Brewer envisions a reboot of senior housing options for the middle market, which he doesn’t think is currently being served very well. The current entry fee model to move into a life plan community is a barrier for many in the middle market. He believes more rental options are needed. Yet, he acknowledges that exactly who is in the middle market can be challenging to determine.

With both traditional nursing home and life plan community construction trends falling or flat due to the high cost of land and bricks and mortar, Brewer thinks models that serve people in and close to home offer promise serving the middle market. This would include in-home nursing and therapy care. He also sees a growing trend where those in the middle market contract with life communities for dining, exercise, and social support services. The trick, he says, is finding the right price point. Another option, according to Brewer, is converting apartment complexes to provide the health care and socialization community services sought by middle market seniors.

A parallel issue impacting the finances of baby boomers in the middle market is the viability of home equity, long presumed to be a bastion of monied reserves for this demographic. An analysis by real estate site Zillow projects that from 2017 to 2027, 9 million homes are forecast to be listed on the market. Much of this glut can be attributed to baby boomers transitioning to assisted living and normal mortality, according to Business Insider coverage of the Zillow analysis. However, many of these homes are located in places younger replacement buyers don't want to live, such as 55-plus retirement communities or rust belt states. Millennials and Gen Xers prefer to live in large urban areas. They also want smaller, modern homes rather than the large and increasingly outdated homes baby boomers have built.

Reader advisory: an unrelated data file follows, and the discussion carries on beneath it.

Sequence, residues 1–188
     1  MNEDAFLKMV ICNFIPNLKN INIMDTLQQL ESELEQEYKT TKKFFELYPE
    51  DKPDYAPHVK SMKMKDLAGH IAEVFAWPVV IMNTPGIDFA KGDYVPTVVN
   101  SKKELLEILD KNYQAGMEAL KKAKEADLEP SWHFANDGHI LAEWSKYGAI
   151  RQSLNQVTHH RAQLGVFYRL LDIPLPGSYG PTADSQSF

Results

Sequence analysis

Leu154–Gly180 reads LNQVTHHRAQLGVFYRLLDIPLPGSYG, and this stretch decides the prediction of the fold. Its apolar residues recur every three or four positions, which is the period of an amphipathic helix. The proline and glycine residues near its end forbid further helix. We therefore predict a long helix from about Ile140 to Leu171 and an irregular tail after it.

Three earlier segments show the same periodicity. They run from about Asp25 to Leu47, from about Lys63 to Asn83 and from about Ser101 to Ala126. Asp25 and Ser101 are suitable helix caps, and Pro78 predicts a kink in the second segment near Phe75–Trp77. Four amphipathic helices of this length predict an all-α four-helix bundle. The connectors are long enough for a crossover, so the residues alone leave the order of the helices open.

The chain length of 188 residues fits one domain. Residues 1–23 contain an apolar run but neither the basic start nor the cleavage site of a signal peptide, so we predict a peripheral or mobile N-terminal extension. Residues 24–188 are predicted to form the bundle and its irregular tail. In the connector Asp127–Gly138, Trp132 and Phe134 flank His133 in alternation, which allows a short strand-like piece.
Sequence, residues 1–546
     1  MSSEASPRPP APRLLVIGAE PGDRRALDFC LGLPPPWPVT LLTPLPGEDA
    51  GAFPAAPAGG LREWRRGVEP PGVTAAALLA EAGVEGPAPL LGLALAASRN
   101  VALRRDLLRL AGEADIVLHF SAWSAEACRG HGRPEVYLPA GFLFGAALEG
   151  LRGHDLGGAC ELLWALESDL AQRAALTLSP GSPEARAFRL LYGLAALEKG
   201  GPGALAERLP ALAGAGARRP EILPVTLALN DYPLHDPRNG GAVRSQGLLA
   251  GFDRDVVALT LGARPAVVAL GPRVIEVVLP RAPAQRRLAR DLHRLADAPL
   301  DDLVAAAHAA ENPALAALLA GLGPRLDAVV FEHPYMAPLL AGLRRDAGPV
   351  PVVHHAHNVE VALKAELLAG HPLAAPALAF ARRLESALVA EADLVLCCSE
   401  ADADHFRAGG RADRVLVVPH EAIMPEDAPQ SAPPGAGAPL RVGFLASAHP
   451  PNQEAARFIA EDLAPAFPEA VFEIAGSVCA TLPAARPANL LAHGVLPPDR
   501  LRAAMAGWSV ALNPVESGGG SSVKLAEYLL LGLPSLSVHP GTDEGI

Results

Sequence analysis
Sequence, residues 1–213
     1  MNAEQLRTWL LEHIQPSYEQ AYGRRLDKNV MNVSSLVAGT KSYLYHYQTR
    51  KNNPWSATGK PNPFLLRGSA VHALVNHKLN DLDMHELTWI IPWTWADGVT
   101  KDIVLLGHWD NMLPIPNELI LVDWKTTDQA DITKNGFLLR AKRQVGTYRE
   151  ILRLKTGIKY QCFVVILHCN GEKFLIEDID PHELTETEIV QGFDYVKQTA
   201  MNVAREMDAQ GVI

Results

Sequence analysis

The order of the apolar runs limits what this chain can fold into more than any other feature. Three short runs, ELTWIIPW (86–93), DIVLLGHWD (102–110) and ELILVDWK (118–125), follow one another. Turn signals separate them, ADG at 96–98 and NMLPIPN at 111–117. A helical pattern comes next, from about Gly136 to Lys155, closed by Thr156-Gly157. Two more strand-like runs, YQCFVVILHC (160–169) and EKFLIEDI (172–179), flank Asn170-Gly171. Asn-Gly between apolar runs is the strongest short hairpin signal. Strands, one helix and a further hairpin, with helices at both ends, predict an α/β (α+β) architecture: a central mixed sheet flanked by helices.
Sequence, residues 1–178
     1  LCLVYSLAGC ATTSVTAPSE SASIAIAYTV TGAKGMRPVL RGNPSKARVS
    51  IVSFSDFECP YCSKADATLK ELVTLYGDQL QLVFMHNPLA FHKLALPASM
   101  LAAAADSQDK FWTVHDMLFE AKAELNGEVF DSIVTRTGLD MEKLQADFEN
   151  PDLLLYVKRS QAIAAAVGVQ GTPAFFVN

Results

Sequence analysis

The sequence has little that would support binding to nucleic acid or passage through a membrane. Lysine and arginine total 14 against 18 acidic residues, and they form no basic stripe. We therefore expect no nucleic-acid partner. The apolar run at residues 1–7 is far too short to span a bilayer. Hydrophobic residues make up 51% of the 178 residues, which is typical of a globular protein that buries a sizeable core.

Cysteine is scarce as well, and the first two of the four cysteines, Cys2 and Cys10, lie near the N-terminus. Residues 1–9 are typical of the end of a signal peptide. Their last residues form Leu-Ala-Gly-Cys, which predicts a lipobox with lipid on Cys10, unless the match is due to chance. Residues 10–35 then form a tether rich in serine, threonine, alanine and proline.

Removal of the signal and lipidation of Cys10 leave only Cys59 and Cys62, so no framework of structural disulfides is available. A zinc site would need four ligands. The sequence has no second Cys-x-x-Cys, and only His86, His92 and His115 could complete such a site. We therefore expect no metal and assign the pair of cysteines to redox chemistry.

Jennifer Molinsky, senior research associate at the Harvard Joint Center for Housing Studies (JCHS), points out another complication. A common financial behavior among baby boomers is to view home equity as an asset they want to leave to their children, or only tap into in an emergency. Charlie Trefzger, president and CEO of Affinity Living Group, a large for-profit that is trying to create an assisted living model for the middle market, echoed a similar sentiment. He reports seeing more and more instances of multiple generations living in the same home, with baby boomer parents and grandparents. Such a trend takes any home equity out of play as a financial option for a middle-market housing transition.

Molinsky disagrees with the idea that millennials won't move away from urban centers to the suburbs. Suburbs that offer urban-like amenities, such as walkable town centers, are more likely to entice young buyers, especially as they seek quality schools for their children. Also, JCHS’s 2019 State of the Nation’s Housing Report found that housing construction overall has not kept pace with demand. The shortfall has created upward pressure on housing prices and rents across demographics. However, Brewer observes that the homeownership of each succeeding generation is not as high as previous generations. He doesn't think that home equity will be as dependable a source of funding going forward.

John Cochrane, president and CEO of HumanGood, Pleasanton, CA, notes that home equity has been well-protected and positioned in his state, where home sales and prices have been robust in the past decade. The large nonprofit, which serves 8,000 seniors, reports that it is developing a middle-market strategy.